• Amy P

    I think we decided once that we were about the same size, except you actually have bone on your bones and a bit more in the upper front (though my actual ribcage is bigger, which is weird).

    If I had a point there, I lost it…

    Fitting into hubby’s jeans is a much more fun goal than hitting a certain number! Does it count that Tom evidently wore a pair of my jeans last week (I hadn’t worn them since I washed ’em last, and they were in the dirty clothes pile with actual dirt on them)? Nah, probably not, since he wears a belt whether he needs to or not…

  • a

    I totally agree with you – they blame the weight because they have no other ideas. And a healthy weight and BMI differs from person to person. With my lightweight upper portions contrasting with my sturdy Polish legs, I know that BMI is no real indicator for me. And since I am short, even 2 pounds can push me from healthy to overweight.

    My view is: weigh enough so that when you look in the mirror, you can say anything from “Eh, not bad” to “I look fantastic” on any given day. Fitting into your husband’s jeans sounds like a fun goal.

  • Quiet Dreams

    Hear, hear, May.

    FWIW (which is likely not much), my own PCOS symptoms were terrible when I was thin. Of course, now I’m fat but I’m on birth control pills, which helps with the PCOS symptoms. This is the only reason I take them, as they are, shall we say, redundant when one is as lacking in sex as I am.

    Ahem. That went a bit astray of where I intended. Anyway, good luck with the BMI games. And good luck with H’s jeans (almost wrote “genes,” but I guess good luck with those, too).

  • twangy

    Exactly! Yes. BMI=load of rubbish. They had this girth measuring device at the doctor’s last time I was there, which I was none too fond of, seeing as how I “failed” it. But a combination of that and the pinch your arm to work out your body fat thing – AND some accounting for body type and fitness too – (very muscular people always register as obese on the BMI – or stocky like the JB – fittest person in the universe, overweight on the BMI(!)) and then, yes, then we’d be cooking with gas.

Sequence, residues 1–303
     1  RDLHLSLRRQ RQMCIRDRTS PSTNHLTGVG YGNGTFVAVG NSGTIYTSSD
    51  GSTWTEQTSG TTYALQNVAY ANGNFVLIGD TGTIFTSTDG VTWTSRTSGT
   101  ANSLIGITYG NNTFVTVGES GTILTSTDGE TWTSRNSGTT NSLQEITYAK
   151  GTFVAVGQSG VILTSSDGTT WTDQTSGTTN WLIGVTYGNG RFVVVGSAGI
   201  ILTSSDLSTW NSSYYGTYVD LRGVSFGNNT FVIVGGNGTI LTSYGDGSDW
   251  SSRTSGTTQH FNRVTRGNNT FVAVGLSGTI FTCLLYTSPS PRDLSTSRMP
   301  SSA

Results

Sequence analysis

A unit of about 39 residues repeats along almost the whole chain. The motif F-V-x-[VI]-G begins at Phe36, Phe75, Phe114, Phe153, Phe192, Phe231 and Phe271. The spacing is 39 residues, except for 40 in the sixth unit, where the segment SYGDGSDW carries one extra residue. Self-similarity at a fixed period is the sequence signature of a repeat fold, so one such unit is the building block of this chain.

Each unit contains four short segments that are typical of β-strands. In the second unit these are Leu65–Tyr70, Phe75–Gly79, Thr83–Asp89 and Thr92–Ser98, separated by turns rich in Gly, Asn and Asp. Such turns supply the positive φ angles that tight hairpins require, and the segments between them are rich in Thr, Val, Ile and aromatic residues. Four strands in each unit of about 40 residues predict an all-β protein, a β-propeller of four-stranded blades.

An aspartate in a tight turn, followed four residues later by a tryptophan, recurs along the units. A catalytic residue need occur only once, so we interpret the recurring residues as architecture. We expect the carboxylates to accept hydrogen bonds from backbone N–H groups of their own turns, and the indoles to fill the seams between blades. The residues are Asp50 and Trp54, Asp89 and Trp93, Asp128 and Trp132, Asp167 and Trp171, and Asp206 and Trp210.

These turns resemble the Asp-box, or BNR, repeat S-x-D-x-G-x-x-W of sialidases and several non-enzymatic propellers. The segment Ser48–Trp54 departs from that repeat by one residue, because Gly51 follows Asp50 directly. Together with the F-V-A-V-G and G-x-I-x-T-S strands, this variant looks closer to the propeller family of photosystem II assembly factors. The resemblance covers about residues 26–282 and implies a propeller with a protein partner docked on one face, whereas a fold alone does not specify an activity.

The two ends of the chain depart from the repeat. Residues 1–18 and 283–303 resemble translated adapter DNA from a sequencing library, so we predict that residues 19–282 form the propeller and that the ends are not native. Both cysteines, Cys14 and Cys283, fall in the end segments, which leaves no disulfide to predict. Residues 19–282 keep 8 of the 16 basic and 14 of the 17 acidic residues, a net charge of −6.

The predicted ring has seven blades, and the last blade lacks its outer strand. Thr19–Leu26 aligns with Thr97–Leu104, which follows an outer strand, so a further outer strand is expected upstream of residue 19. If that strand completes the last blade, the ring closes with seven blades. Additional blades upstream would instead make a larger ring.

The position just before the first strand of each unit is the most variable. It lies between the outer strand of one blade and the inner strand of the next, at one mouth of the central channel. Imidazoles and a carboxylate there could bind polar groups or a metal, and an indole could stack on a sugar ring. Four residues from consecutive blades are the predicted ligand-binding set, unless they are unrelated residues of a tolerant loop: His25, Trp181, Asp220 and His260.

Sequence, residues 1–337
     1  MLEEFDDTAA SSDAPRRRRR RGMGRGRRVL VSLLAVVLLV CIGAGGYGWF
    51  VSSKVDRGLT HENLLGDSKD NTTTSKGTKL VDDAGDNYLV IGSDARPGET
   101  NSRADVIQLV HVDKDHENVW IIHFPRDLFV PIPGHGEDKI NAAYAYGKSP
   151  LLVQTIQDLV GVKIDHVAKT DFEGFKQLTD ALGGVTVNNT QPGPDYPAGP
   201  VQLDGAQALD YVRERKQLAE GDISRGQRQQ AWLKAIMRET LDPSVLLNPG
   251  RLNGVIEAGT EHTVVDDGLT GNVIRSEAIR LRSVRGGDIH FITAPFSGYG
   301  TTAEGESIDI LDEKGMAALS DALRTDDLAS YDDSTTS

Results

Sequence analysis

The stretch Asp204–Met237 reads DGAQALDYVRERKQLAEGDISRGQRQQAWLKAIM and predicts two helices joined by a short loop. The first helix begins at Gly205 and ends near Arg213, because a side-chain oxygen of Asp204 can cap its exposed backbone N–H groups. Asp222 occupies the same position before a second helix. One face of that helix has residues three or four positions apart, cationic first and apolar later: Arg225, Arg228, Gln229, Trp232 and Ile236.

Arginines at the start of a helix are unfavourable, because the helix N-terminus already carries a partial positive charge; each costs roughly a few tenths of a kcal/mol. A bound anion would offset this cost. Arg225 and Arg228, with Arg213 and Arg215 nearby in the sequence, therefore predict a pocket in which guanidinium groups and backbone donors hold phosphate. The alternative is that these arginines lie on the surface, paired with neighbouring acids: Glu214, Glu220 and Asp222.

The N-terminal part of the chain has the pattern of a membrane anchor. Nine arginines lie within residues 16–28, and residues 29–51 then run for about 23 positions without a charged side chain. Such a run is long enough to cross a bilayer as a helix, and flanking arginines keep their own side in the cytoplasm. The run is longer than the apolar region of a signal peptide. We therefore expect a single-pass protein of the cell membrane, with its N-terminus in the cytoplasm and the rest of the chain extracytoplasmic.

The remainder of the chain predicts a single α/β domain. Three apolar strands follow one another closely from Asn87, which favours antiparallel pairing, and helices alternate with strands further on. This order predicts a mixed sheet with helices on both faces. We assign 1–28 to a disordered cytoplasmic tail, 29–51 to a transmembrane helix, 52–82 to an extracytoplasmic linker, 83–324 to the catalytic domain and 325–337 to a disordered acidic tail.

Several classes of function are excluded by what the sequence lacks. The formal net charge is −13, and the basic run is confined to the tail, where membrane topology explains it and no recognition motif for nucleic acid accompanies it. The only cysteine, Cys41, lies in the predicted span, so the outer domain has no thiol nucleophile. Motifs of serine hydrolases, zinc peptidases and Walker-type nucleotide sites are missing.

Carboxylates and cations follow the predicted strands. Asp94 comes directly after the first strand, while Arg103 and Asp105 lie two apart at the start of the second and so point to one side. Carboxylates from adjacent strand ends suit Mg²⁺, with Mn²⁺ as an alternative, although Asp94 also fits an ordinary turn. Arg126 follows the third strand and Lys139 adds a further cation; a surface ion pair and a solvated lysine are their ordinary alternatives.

• Melissia

    I too am struggling with the BMII beast currently, but for a different reason. My doc has also read those studies, as have I and before I go for donor embryo transfer in April would like me to lose weight. In theory I know it is an excellent idea, if I do get pregnant, of course I want to reduce my risk miscarriage as much as possible. But like you, I have PCOS, have already lost a considerable amount of weight and wearing an American size 12. I could lose another 20 pounds and I am forcing myself to, but I will be the thinnest I have ever been in my adult life.

  • Mina

    I actually read somewhere that according to the BMI, women that are in the overweight category are happier in life and tend to live longer. They also have a better sex life. I find that kinda funny.

  • Korechronicles

    Weight issues and their relationship to the BMI. Arse, I say! The refuge of cowards who find it an easy peg to hang various medical issues on…PCOS being only one of them. And then, when you have given it your all to starve and exercise yourself to within the so-called range of healthy, you find it makes no, or minimal, blinding difference to whatever it was that ailed you in the first place.

    There is far more research evidence, especially in recent years, to do with the hormonal conflict between leptin and grehlin for victory over our appetite and fat storage. It tends to show that it has more to do with how we eat (too often being one factor) and less to do with the what.

    Keep fighting the good fight May. No matter what the medical or weight judging community have to say. I’m right along side of you in the trenches.